Accused of: Sexually assaulting two women
Apology: "I have been informed with great anguish of [screenwriter] Jenny Lumet's recollection about our night together in 1991. I know Jenny and her family and have seen her several times over the years since the evening she described. While her memory of that evening is very different from mine, it is now clear to me that her feelings of fear and intimidation are real. While I have never been violent, I have been thoughtless and insensitive in some of my relationships over many decades and I sincerely and humbly apologize.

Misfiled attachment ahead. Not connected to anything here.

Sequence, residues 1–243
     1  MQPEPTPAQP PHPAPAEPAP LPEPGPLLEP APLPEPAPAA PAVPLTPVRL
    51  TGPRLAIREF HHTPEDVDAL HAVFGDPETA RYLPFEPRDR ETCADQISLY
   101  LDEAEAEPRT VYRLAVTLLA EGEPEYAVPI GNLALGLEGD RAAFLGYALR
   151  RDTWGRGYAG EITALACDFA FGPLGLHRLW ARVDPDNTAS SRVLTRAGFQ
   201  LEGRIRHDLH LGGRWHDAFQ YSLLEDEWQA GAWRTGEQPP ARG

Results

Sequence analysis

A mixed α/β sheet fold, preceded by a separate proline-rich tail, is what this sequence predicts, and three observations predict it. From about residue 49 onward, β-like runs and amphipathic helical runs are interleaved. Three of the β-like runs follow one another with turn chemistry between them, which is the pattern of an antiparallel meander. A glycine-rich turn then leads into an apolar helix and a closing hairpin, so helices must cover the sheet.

"This is a time of great transition. The voices of the voiceless, those who have been hurt or shamed, deserve and need to be heard. As the corridors of power inevitably make way for a new generation, I don't want to be a distraction so I am removing myself from the businesses that I founded. The companies will now be run by a new and diverse generation of extraordinary executives who are moving the culture and consciousness forward. I will convert the studio for yogic science into a not-for-profit center of learning and healing. As for me, I will step aside and commit myself to continuing my personal growth, spiritual learning and above all to listening."